New reviewer Jane Appleby joins the Crime Review team this week. She says that in the engaging Victorian steampunk romp, The Osiris Ritual, featuring Sir Maurice Newbury and his enterprising assistant Miss Veronica Hobbes, George Mann pulls off the difficult trick of using period appropriate language without it descending into parody.

Linda Wilson took the opportunity to get out and about earlier this month to visit the Museum of London. She says The Crime Museum Uncovered by curators Jackie Kelly and Julia is an impressive and invaluable companion piece to a ground-breaking exhibition.

Quentin Bates, who has two very fetching hats as a crime novelist and a translator, sails into the Countdown seat this week. We want to hitch a lift and explore the intriguing places he’d run away to.

We'll be back in a fortnight with 16 new reviews and an interview with a top author. In the meantime, have a look at what our friends at Reviewing the Evidence think about new releases in the US and Canada.
And if you're not following us on Twitter, you can find us chatting at .

Linda and Sharon

Countdown with
Quentin Bates

Quentin Bates dates back to the year of the Cuban Missile Crisis and was brought up in the south of England. In the year that Margaret Thatcher became Britain’s Prime Minister, he was offered the opportunity to spend a gap year working in Iceland and jumped at the chance of escape. The gap year turned into a gap decade, during which he worked as a netmaker, factory hand and trawlerman, started a family and generally went native.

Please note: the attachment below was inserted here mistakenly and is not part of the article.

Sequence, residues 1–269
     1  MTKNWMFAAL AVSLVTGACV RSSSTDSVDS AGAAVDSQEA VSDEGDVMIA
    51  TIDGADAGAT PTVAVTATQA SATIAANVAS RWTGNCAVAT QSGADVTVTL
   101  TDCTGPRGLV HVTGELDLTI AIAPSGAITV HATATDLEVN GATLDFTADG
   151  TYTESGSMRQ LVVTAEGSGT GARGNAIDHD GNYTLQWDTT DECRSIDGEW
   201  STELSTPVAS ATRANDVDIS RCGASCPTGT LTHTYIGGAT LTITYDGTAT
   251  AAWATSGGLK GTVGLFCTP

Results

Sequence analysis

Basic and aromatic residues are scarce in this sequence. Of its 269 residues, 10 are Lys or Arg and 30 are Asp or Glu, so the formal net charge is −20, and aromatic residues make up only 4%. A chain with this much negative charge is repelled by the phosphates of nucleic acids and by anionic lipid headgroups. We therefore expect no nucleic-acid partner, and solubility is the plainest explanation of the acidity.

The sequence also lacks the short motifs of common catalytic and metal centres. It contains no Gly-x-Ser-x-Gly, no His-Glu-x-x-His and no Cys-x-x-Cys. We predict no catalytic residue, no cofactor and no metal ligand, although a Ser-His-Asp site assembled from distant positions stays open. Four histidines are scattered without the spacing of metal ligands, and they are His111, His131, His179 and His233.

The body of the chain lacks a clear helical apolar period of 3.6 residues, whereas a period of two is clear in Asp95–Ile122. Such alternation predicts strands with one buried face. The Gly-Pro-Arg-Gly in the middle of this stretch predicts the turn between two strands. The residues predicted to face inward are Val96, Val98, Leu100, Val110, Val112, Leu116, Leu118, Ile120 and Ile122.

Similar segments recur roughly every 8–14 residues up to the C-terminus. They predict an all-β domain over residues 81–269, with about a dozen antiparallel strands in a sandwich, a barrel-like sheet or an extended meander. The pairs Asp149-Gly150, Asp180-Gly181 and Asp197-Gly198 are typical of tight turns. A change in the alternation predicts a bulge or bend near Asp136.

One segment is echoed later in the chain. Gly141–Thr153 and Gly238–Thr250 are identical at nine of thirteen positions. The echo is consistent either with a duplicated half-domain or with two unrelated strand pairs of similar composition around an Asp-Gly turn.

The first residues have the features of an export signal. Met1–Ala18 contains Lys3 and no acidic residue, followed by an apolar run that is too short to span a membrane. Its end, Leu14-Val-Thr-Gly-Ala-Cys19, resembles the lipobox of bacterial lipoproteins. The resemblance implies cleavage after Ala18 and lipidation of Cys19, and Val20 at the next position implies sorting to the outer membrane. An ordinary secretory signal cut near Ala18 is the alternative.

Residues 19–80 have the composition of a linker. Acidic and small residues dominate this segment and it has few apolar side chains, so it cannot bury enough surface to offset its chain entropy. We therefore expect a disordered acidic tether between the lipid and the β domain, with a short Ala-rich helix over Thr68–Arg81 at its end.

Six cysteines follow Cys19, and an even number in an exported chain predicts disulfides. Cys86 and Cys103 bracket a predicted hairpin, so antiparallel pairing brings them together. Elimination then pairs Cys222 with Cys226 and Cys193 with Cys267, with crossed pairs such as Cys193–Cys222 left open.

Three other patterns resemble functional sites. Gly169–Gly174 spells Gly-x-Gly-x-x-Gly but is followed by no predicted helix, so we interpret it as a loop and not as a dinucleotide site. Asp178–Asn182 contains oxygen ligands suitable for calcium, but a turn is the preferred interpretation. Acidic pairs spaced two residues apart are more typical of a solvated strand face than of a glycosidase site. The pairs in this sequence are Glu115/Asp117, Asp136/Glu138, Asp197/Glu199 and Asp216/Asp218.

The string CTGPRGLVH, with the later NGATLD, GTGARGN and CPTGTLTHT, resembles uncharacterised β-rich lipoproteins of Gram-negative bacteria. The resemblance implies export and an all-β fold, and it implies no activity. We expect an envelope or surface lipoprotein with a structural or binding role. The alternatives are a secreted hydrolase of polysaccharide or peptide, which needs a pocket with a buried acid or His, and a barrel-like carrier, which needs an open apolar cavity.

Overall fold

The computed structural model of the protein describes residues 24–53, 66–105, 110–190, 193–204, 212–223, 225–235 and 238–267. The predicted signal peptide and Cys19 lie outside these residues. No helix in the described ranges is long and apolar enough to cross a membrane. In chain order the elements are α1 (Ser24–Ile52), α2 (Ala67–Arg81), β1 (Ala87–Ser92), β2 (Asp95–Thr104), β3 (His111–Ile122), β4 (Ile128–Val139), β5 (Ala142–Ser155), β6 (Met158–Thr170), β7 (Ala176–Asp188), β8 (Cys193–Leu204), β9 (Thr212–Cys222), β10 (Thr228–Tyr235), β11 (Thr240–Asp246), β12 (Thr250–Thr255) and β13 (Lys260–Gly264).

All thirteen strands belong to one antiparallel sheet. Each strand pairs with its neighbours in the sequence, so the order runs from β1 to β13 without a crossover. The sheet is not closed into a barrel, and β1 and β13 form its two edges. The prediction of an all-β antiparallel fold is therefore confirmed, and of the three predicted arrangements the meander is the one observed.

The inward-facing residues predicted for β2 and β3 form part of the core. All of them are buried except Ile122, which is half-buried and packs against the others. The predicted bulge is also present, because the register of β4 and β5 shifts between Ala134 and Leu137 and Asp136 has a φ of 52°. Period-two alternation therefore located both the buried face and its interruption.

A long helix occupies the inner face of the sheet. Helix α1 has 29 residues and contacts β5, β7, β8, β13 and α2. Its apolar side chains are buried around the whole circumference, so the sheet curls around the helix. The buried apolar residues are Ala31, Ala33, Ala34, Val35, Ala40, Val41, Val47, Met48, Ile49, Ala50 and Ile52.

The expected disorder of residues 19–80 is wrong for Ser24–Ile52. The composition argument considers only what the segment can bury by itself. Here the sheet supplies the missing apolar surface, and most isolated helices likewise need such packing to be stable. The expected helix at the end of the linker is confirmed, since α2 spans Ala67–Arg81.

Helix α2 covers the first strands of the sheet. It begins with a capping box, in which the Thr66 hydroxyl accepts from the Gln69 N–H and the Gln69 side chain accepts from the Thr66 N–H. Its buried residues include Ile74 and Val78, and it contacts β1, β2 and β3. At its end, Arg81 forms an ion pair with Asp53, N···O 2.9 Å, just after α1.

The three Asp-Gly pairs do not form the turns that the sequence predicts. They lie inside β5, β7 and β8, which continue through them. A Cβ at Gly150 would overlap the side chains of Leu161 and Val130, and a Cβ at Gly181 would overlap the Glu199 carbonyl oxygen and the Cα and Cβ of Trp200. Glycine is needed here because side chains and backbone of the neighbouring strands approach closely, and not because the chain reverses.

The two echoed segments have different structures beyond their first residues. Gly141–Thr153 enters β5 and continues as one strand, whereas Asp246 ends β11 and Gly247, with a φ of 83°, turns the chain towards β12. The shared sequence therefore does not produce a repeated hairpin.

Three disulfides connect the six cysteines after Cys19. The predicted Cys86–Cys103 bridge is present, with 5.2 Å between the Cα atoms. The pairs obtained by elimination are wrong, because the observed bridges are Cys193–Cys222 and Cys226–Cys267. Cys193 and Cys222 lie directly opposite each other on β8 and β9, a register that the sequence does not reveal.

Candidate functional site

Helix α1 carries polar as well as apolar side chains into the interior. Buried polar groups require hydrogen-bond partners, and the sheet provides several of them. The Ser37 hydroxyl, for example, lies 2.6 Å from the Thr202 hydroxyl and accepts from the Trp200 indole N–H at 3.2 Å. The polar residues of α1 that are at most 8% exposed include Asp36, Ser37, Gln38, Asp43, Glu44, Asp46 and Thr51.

Seagoing was followed by many years as a journalist for an obscure nautical trade magazine, a dream job for anyone who gets a kick out of visiting industrial estates and obscure harbours miles from anywhere. From there it was a series of sidestep into fiction.

The book that became Frozen Out (Frozen Assets in the US) grew out of a university writing course that enabled him to take an afternoon off work once a week. As well as writing the Gunnhildur series, Quentin also translates Icelandic crime fiction into English.

Ten words to sum up your working life to date ...


Nine things you can see from where you're sitting ...

A giant fishhook
A photo of the crew of the Silver Harvester
Quite a lot of books
The vice that came from my great-grandfather’s forge
A cast net
A variety of bottles and cans on the floor, including brown ale and WD-40
The fact that I really need to prune the holly tree outside before it become a triffid
Four printers, of which only one works
The ten feet of path between the house and the shed

Eight minutes to prepare a meal. What's it going to be ?

An omelette, so eggs, onion, a few slices of chorizo, a dash of chilli, plus a quick tomato salad, bread, olives, a glass of red.